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There’s no doubt that growth in the West is slowing. The question is whether the slowdown could turn into a recession. Last month the US yield curve, a key gauge of future US growth, temporarily dipped into recessionary territory for the first time in ten years.
China’s economic transformation in the last four decades is one of the great economic success stories of modern history. Through liberalisation and opening up to trade China was able to grow by 10% a year between 1980 and 2018. Its economy expanded by a factor of 30 and it easily dodged recession during the global financial crisis. There is no precedent in history for an economy of this size growing at such a rate for so long.
This morning we are launching our quarterly “Global Economy in Charts” report, a 20-page slide deck, available here. Created by my colleague Debo, the report examines the big global macro trends and challenges. Charts can be cut and pasted into your own reports. Do drop Debo a line at email@example.com with ideas and comments.
With Brexit uncertainty undimmed we start this week’s Briefing with a short recap on the economics of leaving the EU.
The consensus among economists is that the UK will grow by 1.3% this year and 1.5% next year. With activity slowing across the world, particularly in the euro area, and the UK scheduled to leave the EU, growth at these rates looks pretty respectable. Given the uncertainties facing the UK it’s perhaps surprising that its economy is expected to outpace Italy’s or Germany’s this year.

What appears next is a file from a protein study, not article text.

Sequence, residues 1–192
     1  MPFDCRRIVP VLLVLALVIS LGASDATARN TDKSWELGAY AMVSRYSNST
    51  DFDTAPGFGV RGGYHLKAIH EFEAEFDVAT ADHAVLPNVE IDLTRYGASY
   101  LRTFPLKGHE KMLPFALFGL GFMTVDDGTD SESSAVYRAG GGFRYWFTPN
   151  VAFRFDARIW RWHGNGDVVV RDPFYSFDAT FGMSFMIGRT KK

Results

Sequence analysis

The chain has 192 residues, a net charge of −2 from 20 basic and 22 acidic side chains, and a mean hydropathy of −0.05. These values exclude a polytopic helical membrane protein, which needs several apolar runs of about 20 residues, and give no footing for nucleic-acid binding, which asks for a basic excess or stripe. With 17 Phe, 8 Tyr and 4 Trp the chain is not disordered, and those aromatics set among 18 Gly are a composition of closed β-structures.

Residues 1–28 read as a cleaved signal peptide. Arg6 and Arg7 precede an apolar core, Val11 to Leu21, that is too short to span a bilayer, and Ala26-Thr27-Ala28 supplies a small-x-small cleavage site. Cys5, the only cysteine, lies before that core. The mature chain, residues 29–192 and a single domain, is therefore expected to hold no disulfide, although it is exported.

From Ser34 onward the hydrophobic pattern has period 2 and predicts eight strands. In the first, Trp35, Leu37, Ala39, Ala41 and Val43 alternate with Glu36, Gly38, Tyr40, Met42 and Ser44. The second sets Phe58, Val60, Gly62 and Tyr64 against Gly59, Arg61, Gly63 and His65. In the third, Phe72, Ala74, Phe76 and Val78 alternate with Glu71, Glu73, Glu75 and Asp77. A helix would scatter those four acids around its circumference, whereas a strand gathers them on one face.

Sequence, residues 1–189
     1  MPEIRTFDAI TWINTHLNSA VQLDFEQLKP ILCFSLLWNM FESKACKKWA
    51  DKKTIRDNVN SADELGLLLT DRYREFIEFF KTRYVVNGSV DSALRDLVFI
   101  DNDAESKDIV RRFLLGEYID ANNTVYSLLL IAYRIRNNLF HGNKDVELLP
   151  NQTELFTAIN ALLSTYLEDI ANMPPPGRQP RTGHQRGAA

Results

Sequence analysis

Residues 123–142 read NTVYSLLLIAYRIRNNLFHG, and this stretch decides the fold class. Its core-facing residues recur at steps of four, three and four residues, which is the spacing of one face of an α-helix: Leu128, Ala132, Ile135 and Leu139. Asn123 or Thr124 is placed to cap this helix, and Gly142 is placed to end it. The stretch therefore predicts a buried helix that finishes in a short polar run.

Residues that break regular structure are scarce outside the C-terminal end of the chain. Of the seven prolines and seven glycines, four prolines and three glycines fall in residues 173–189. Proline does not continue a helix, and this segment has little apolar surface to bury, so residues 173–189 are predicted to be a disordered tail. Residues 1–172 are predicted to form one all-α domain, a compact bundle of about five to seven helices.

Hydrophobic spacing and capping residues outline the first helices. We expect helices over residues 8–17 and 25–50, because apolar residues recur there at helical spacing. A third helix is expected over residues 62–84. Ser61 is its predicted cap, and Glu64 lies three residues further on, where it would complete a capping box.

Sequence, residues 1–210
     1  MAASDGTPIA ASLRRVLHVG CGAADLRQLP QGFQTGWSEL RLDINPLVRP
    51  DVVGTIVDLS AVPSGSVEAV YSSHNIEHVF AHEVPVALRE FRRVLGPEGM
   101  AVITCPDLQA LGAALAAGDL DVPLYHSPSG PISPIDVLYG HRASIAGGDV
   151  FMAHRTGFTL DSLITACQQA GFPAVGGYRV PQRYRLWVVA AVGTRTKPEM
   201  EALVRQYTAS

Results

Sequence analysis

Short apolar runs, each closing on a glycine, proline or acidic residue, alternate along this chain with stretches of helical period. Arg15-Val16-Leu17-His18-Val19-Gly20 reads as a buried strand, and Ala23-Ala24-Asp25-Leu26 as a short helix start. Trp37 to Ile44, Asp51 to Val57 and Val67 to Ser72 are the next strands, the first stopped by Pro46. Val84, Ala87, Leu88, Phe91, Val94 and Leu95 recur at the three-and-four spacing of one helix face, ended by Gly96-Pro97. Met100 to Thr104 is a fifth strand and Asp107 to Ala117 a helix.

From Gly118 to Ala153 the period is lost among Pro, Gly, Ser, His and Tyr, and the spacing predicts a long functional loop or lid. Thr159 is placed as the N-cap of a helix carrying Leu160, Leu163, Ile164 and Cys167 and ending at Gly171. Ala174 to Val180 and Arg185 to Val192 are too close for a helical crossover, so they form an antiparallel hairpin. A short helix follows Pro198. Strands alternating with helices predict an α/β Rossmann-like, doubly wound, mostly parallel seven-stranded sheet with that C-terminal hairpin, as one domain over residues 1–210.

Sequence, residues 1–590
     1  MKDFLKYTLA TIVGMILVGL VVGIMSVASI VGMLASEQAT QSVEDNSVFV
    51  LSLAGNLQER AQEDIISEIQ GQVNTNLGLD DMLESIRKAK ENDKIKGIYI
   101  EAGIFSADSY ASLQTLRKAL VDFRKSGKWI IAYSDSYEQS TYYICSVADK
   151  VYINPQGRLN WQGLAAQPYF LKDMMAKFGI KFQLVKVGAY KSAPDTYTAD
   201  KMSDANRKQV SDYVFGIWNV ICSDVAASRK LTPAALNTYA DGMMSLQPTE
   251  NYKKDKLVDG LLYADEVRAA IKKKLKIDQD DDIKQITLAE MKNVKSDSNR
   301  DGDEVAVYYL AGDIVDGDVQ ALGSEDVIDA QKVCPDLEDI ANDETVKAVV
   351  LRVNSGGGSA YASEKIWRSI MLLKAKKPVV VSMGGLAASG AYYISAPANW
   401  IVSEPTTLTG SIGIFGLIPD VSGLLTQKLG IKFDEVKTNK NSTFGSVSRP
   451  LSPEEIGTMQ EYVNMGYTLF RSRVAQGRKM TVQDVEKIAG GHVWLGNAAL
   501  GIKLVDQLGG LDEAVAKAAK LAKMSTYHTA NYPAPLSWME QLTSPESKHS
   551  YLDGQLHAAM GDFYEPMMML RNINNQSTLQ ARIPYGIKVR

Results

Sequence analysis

We were taken by surprise last week by the scale of the downgrade to the OECD’s latest forecast for German growth. The OECD now thinks that the German economy will grow by just 0.7% in 2019. This is a big reversal of fortune; a year ago the thinking among economists was that Germany would grow by around 2.0%. At 0.7% German growth would be slower than the euro area as a whole (1.0%) and even the Brexit-embattled UK (0.8%).
Last October the International Monetary Fund warned of the risk of another global financial crisis. The Fund sees a 60% rise in global indebtedness in the last ten years and the exposure of banks to illiquid assets as major risks.
2018 was a tough year for British retailers. According to the Centre for Retail Research, nearly 2,600 stores closed, the highest number since 2012. Recent high-profile casualties included HMV, Patisserie Valerie and Oddbins. Along with the structural shift to online shopping, high-street retailers are under pressure from a slowdown in consumer spending growth.
After a dreadful end to the year global equity markets got off to a flying start in 2019. The US S&P 500 index is up by 10% so far this year, having fallen by 16% in the first three weeks of December.